Seeing Mark Morris Dance Group do his L’Allegro, il Penseroso ed il Moderato here in Boston back on January 20 and then New York City Ballet perform George Balanchine’s Concerto Barocco and Symphony in C the following evening in New York was a reminder that the two 20th-century choreographers most noted for their use of music couldn’t be more different. Morris celebrates; Balanchine strives. Morris is loose and floppy, Balanchine disciplined and precise. Balanchine choreographs for adults, or sometimes angels; Morris choreographs for children, or rather for the inner child in us all.
L’Allegro is an odd duck of a dance, descended from Milton’s 1630ish poem pair “L’Allegro” and “Il Penseroso” by way of the 1740 Handel oratorio that interwove their verses and added at the end a reconciling “Moderato” section set to a text by Charles Jennens. Morris does just the “Allegro/Penseroso” part with two numbers from Handel’s “Moderato” thrown in; he could as easily have omitted them and called his dance L’Allegro ed il Penseroso . Still, as Debra Cash noted in a WBUR arts blog last week, American critics have been canonizing this paean to the human spirit since its 1988 Brussels premiere. “The piece pours forth treasures,” Arlene Croce summed up. Joan Acocella spoke of the finale as bringing us to “a realm of rapture that recalls Dante and Joyce.”
Always emphasized is Morris’s incredible variety of movement. That would include running, jumping, hopping, kicking, bowing, swiveling, turning and reverse-turning, rolling, sliding, going to ground, and running off stage in different directions, in unison and in canon, on the beat and off, upstage and down. It’s the kind of movement that makes audiences think they could get up on stage and do it themselves; it conjures children’s games and the jubilant dances of the Peanuts gang. It’s anonymous, communal movement for boys and tomboys; the girls, former Phoenix dance critic Laura Jacobs has written in the New Criterion , remind her of Anybodys in West Side Story . There’s no meanness, no darkness, no individuality, not even the kind you see in a communal dance like Twyla Tharp’s The One Hundreds .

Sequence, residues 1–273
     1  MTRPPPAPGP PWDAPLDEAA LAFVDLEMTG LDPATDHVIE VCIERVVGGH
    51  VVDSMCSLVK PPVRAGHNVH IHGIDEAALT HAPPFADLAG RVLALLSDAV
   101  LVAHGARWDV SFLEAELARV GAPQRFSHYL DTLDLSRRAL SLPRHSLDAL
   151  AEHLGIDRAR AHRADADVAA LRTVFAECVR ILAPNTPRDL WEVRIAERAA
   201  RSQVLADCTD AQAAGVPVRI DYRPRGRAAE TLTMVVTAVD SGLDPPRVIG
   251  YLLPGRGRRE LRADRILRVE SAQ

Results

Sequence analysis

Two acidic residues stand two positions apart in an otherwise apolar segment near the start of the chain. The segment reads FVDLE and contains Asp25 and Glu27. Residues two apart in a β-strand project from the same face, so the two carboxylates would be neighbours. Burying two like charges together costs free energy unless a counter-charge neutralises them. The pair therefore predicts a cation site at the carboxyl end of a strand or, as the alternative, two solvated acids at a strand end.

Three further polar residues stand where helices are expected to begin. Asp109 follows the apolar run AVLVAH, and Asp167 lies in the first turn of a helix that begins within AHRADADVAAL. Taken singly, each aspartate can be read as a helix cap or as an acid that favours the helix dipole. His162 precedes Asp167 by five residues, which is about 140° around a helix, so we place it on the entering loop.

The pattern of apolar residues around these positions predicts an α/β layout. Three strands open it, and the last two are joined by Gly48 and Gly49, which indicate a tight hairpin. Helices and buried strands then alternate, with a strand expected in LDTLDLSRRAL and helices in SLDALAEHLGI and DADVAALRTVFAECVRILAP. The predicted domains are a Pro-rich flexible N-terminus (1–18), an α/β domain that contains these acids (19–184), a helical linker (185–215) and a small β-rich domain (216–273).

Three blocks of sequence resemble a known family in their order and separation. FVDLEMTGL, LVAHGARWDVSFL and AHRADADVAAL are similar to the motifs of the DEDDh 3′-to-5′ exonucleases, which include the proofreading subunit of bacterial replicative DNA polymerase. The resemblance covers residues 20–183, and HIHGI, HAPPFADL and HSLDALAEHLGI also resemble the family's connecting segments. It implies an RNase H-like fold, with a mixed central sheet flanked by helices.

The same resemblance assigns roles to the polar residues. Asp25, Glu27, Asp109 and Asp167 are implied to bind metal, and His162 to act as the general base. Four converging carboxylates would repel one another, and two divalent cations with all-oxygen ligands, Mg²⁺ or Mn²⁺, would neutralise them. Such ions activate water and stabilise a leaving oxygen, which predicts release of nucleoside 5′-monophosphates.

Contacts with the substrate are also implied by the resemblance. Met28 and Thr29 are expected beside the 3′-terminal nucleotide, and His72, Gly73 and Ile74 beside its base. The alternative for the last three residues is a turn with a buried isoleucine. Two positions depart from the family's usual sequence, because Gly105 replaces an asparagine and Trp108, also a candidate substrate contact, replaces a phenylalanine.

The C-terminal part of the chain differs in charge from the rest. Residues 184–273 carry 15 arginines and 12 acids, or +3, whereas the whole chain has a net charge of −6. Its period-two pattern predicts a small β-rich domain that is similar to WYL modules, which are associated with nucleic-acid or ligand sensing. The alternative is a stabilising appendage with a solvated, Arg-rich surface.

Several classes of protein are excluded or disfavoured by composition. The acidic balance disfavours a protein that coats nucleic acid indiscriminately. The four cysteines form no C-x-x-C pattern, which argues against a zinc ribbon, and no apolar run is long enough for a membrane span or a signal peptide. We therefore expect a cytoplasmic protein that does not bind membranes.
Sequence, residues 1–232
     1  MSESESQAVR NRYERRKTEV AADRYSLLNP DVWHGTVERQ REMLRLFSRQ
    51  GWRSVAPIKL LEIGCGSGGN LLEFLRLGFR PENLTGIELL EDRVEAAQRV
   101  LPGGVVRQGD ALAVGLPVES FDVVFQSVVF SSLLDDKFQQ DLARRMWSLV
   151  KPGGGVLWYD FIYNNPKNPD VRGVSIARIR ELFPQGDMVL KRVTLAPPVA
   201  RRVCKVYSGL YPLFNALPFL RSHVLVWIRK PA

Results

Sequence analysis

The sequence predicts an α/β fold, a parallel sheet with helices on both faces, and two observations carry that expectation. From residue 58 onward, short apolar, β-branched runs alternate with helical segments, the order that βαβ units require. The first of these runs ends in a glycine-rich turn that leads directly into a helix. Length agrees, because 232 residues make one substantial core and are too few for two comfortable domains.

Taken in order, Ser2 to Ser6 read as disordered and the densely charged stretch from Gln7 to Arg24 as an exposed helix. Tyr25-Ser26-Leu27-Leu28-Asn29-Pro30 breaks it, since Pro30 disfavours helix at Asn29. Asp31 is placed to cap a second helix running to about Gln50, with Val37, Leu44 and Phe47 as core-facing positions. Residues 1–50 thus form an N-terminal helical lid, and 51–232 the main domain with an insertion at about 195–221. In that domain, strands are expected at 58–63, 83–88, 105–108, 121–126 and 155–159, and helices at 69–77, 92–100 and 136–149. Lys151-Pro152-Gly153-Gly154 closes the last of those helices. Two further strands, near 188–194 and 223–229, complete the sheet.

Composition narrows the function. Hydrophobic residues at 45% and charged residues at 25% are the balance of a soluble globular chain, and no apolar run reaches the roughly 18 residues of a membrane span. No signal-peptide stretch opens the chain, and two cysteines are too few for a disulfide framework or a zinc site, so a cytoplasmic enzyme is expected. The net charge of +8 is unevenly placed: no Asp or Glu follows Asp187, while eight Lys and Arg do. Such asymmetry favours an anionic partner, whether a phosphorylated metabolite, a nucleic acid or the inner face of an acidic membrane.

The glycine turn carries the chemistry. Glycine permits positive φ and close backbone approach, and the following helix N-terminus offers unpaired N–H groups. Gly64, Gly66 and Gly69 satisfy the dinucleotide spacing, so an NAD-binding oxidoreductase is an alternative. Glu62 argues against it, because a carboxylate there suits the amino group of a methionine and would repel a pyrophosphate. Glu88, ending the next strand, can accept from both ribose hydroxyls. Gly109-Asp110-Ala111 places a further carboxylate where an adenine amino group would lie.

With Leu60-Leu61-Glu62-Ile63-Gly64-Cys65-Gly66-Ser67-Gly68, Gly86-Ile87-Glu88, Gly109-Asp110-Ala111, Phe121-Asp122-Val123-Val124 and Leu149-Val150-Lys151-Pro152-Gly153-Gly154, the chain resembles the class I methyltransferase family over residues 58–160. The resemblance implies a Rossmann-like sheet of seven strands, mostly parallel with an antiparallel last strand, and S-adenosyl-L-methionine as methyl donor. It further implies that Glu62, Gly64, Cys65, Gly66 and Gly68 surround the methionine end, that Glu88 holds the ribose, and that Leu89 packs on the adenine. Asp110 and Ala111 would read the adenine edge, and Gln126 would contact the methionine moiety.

L’Allegro is a high-class illustration of Milton’s two poems: the Graces, the pensive nun, the sweet bird, the hunting hounds, the cricket on the hearth all come to vivid life. Even when setting classical music with no text, like Bach’s C-major Cello Suite, Morris tends to be literal; in Barbara Willis Sweete’s film of the making of Falling Down Stairs , you can see him choreographing with the score on his lap. Balanchine doesn’t illustrate, he translates. It’s not that the movement in Concerto Barocco doesn’t “listen” to the score of Bach’s Double Violin Concerto, but where Morris is predictable, Balanchine is surprising, even quirky. The two ballerina soloists in Concerto Barocco represent the solo violins sometimes but not always; there’s no musical equivalent for the male soloist in the second movement, or for the way he disappears and the second woman soloist comes on briefly (to warn the first?).